To gain some insight into the coupling of the Hsp90 and Sgt1 protein interaction ‘hubs’, we have determined the crystal structure of the Hsp90‐N–Sgt1‐CS core complex. The structure reveals a hitherto unknown locus of interaction on Hsp90, and facilitates a targeted mutational analysis that reveals the Hsp90 dependence of Sgt1 functions in vivo. Biochemical analysis of Sgt1 interactions suggests a role for Hsp90–Sgt1 in the assembly of SCF ubiquitin ligase complexes.
We explored a range of Hsp90 and Sgt1 constructs from different species and obtained diffracting crystals of the core Hsp90–Sgt1 complex using an N‐terminal domain construct of Hordeum vulgare (barley) Hsp90 and a CS domain construct from the Arabidopsis thaliana homologue, AtSgt1a. HvHsp90 is 64% identical to yeast Hsp82 and 70% identical to human Hsp90β, whereas AtSgt1a is 32 and 36% identical, respectively, to its yeast and human homologues. The structure of the complex was solved by molecular replacement with the crystal structure of yeast Hsp90‐N domain and the NMR structure of human Sgt1‐CS domain. The crystals contain three independent copies of the complex, each with a bound ADP molecule, and has been refined at 3.3‐Å resolution (see Materials and methods and Table I).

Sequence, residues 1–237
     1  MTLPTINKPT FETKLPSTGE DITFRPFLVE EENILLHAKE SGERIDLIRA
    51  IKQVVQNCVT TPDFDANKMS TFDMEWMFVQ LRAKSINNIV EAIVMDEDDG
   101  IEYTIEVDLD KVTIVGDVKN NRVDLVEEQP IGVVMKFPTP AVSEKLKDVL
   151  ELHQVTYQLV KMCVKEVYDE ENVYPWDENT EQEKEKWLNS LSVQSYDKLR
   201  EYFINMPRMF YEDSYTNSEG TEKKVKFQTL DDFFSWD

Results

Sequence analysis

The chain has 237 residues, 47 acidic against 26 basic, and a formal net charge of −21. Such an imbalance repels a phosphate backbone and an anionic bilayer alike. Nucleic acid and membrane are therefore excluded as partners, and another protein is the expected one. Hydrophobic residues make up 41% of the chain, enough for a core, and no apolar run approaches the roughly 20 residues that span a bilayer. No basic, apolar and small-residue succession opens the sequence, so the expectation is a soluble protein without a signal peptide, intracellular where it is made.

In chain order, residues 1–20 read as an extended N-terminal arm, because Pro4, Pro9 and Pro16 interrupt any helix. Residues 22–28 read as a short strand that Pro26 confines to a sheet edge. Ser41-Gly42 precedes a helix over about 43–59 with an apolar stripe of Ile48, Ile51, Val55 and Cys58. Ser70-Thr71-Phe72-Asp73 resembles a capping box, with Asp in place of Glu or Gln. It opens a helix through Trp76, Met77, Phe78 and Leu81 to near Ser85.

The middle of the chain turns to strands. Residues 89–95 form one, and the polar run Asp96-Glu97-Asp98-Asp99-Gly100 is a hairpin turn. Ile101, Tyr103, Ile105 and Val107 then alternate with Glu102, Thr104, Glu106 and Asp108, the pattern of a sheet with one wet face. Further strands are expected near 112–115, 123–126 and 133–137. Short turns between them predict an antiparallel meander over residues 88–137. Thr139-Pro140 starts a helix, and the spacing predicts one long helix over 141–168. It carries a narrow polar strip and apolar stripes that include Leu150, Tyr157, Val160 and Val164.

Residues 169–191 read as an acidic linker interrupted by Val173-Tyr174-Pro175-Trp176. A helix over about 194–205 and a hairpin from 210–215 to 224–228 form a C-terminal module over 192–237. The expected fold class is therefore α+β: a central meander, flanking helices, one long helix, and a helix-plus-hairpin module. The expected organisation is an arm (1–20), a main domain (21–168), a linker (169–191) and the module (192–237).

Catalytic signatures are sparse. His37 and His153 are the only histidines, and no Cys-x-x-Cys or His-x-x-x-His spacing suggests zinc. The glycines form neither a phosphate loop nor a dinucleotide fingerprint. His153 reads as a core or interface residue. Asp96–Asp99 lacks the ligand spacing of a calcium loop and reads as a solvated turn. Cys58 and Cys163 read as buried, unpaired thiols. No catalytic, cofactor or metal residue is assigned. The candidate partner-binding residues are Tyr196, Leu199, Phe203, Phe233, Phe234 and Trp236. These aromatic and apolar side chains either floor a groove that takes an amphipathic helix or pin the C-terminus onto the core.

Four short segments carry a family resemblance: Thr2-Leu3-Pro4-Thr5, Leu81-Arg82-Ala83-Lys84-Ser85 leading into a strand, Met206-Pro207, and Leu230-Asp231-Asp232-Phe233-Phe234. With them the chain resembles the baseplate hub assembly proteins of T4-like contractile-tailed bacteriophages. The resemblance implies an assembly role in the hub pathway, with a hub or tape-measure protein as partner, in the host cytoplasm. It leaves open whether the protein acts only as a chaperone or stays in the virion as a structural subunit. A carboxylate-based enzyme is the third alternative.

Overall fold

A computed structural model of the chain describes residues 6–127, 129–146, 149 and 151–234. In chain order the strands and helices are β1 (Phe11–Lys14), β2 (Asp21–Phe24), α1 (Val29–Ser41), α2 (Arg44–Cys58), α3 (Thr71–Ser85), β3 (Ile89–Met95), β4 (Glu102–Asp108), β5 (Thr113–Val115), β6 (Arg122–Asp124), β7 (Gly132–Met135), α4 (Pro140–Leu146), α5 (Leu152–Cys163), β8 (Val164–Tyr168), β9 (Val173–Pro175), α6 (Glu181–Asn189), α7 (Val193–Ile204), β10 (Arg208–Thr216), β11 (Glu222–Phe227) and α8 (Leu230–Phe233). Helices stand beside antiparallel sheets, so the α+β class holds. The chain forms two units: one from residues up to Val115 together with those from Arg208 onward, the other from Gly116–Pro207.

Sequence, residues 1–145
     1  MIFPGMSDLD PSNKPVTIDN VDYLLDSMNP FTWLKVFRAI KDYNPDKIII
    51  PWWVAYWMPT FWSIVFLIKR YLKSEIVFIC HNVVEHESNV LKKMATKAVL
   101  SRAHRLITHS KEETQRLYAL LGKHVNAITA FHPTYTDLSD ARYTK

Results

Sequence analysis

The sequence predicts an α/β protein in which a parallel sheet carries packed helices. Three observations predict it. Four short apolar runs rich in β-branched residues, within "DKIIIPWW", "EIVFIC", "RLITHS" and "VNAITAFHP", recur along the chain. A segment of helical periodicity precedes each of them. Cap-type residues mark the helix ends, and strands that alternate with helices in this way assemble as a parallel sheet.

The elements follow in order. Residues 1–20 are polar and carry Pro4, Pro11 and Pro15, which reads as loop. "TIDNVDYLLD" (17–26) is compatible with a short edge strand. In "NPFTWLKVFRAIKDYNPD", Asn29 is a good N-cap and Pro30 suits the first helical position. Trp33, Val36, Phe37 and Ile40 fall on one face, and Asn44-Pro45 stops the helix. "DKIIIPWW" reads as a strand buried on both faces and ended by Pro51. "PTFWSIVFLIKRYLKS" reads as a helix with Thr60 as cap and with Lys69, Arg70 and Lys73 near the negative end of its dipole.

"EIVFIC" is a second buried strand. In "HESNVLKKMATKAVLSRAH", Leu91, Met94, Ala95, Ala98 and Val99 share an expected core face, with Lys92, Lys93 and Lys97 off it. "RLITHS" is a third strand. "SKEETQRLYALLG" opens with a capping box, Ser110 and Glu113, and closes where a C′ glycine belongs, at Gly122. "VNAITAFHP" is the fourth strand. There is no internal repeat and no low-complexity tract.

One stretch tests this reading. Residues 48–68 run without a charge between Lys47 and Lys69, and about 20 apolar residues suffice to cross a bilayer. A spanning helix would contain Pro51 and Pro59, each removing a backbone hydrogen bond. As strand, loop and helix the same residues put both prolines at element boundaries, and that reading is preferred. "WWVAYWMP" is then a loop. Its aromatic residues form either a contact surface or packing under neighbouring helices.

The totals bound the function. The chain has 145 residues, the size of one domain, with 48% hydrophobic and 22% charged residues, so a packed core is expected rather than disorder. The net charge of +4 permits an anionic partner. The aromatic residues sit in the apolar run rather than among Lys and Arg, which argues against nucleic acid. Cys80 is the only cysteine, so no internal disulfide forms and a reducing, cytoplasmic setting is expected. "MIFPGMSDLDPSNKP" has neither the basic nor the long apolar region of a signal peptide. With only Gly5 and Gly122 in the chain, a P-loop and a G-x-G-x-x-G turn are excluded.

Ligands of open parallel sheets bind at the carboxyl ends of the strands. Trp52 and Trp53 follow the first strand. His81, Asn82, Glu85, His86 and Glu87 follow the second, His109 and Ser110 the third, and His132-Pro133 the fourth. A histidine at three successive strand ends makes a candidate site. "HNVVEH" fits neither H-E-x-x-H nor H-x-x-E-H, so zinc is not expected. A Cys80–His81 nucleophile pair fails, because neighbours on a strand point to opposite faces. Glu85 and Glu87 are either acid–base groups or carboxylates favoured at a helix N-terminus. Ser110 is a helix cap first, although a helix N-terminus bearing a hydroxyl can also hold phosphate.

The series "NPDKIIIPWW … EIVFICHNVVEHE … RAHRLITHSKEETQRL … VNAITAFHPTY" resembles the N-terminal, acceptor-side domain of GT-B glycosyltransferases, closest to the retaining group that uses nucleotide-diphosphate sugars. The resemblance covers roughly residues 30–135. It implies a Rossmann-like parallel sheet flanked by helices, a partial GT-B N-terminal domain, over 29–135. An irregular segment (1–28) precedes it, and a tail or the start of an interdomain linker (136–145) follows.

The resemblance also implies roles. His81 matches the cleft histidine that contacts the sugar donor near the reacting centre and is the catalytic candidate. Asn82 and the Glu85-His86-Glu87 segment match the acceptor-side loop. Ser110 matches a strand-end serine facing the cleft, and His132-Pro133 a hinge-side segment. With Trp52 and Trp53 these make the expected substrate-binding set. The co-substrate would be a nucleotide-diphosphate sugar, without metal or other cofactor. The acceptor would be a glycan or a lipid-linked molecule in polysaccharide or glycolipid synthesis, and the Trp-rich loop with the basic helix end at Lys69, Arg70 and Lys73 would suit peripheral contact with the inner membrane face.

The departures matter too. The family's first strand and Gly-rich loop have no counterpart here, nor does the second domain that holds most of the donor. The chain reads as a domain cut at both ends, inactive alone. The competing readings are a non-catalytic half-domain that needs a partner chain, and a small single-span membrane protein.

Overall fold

The structure of yeast and human Hsp90‐N domains has been described earlier (Prodromou et al, 1997; Stebbins et al, 1997) and the barley Hsp90‐N domain is essentially identical in structure (r.m.s.d. ∼0.75 and 0.67 Å, respectively for 198 and 172 common Cα positions). The mobile ‘lid’ segment, which closes over the nucleotide‐binding pocket in the ATP‐bound closed state of the Hsp90 (Ali et al, 2006), is in a fully open conformation in the Hsp90‐N–Sgt1‐CS complex, and an ADP molecule is present in the nucleotide‐binding pocket. The AtSgt1a CS domain has the same β3–β4 ‘sandwich’ structure seen in the NMR structure of HsSgt1‐CS domain (Lee et al, 2004), with small differences in the conformation of the loops connecting the β‐strands.